Our second full day we visited one of the most amazing places I have ever seen in real life, the American Basin, which is at the top of a back trail, outside of Lake City, Colorado. The route there was as much of an adventure as the photography. We made a stop at Cinnamon pass for a group shot and I was also able to get a picture of our off-road caravan. The van was not part of our group and we were all amazed they took it up to that location.
The basin is one of those spots that doesn’t look real in pictures, but I assure you, it is. It is a lush basin surrounded by cliffs, with a great waterfall and stream flowing through it. There were amazing views of the mountains as well as a large variety of wildflowers and of course bees. We spent around 4 hours there and took a picnic lunch, but it still did not seem long enough to explore and see it all. For size perspective, there is a trail that goes around it that is 2.1 miles.
I actually can’t tell you the location we shot our last day, but it was again, a wealth of beautiful landscape, waterfalls and flowers. Before this last morning we had an afternoon and evening of help editing and photo reviews. This was one of the most valuable parts of the workshop. Not only was I able to get help using editing software, it was great to see the final products of what other people were working on. During the review we also talked about how they were composed and edited, which helped me understand why I wasn’t getting some of the shots I wanted in the past. Using that knowledge, I really think I was able to make improvements in my shots on the last day for. I can see a progression of improvement over the week.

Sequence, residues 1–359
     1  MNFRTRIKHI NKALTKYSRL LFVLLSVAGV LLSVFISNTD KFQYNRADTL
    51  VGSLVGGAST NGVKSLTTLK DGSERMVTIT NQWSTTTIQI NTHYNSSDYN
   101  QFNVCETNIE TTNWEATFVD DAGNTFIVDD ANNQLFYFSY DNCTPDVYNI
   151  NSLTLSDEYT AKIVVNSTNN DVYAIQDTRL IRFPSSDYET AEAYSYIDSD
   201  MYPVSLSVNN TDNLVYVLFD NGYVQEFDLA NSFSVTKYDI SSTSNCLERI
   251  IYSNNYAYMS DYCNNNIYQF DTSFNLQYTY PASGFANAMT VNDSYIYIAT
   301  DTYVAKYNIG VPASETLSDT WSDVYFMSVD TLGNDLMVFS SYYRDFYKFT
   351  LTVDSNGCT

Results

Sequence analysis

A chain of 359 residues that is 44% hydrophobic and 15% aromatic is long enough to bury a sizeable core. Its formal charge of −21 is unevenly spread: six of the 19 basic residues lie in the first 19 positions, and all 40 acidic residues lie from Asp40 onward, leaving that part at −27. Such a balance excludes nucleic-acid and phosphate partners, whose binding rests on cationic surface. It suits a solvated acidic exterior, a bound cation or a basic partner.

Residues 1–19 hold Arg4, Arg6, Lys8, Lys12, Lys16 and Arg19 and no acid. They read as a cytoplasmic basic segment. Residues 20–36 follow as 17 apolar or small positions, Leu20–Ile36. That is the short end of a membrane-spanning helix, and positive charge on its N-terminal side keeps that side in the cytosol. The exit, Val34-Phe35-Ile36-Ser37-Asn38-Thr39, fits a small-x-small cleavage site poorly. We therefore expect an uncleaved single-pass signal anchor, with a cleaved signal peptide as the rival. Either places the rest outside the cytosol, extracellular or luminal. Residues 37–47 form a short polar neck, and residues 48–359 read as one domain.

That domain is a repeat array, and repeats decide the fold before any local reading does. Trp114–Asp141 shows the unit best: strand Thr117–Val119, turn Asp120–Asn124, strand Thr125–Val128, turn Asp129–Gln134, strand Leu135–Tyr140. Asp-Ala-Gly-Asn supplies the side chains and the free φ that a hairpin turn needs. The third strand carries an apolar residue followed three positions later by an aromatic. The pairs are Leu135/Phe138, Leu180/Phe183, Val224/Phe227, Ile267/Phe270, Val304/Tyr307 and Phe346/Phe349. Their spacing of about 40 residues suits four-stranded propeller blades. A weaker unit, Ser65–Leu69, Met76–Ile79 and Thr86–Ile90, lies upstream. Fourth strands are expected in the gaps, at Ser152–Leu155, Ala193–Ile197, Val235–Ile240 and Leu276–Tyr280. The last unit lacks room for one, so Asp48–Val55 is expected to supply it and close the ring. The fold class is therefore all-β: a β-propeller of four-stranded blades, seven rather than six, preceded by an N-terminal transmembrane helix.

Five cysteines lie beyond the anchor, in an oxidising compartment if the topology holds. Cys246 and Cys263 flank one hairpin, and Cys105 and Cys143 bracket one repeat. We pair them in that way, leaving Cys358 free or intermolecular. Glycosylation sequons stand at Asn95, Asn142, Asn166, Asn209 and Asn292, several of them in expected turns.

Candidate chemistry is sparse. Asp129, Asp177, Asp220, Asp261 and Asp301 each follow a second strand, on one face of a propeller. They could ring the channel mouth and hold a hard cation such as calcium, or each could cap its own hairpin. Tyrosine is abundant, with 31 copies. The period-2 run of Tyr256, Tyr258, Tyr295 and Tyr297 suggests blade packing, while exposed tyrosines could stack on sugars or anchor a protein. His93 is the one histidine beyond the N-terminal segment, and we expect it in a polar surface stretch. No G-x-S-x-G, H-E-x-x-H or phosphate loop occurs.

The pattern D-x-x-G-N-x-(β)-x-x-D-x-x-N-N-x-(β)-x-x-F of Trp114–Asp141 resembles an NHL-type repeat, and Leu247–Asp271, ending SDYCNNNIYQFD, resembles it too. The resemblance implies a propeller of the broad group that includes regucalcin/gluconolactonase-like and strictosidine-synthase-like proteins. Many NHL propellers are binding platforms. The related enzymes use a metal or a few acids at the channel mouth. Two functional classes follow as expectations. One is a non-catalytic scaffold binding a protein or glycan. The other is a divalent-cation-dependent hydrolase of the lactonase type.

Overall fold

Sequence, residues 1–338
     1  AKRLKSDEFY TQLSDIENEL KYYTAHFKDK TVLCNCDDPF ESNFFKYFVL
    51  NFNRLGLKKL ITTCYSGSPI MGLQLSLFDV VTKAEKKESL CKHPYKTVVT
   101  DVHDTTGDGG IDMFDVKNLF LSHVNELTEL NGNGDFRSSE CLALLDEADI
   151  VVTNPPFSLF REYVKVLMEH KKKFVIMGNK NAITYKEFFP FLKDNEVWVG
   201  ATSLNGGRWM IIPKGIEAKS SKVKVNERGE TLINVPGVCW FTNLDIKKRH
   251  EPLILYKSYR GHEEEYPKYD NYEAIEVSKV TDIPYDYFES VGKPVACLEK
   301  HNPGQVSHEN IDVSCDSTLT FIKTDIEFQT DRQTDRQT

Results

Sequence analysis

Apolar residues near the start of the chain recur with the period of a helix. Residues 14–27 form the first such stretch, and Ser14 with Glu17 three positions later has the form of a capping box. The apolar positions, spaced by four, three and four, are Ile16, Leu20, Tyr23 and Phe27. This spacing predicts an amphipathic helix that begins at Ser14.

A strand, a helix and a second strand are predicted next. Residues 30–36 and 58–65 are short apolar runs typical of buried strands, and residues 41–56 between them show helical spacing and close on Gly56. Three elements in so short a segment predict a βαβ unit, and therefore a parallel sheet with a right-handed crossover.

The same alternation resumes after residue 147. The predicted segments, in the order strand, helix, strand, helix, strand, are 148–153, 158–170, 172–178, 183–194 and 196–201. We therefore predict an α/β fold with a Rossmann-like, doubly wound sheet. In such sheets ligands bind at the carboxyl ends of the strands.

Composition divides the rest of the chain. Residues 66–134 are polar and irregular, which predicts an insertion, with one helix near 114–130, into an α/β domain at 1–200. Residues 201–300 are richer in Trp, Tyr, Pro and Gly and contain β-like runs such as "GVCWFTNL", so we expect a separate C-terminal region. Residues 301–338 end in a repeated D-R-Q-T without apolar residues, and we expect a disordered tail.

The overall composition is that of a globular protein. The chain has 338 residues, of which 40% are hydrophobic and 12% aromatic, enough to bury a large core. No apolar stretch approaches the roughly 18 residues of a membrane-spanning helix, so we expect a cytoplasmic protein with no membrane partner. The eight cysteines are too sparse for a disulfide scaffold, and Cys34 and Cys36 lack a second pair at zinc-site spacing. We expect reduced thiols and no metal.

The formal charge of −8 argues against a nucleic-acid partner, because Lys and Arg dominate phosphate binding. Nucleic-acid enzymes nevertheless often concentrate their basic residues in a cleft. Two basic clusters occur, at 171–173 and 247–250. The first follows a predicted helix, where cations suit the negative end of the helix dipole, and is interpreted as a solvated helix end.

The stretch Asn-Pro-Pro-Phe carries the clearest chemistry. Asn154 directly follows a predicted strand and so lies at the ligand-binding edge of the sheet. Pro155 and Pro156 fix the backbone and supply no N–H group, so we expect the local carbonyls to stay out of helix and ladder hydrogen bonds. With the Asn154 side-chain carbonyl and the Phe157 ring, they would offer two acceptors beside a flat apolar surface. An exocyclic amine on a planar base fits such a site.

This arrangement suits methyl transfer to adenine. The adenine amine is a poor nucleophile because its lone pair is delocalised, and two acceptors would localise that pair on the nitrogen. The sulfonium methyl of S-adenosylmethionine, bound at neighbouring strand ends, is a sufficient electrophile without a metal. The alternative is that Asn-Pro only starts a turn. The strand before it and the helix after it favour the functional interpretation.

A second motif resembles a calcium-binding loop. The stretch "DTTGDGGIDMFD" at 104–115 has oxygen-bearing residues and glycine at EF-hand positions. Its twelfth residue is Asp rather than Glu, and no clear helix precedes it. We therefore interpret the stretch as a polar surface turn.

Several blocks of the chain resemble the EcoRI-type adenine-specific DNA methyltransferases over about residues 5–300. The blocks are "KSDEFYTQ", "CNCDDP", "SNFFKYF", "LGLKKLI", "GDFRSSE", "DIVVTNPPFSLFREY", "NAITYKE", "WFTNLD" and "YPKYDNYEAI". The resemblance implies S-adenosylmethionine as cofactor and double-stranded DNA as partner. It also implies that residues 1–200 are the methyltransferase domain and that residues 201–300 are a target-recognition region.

Overall I couldn’t be happier with this experience and could not recommend taking a workshop with them enough. I plan to do more in the future because there is always room for improvement and a huge part of the value they provide is knowing and getting you to the best locations safely and being with like-minded people, who share your passion. I can already see the value and hope you do too soon, in my subsequent posts about the places I visited after leaving Ridgeway.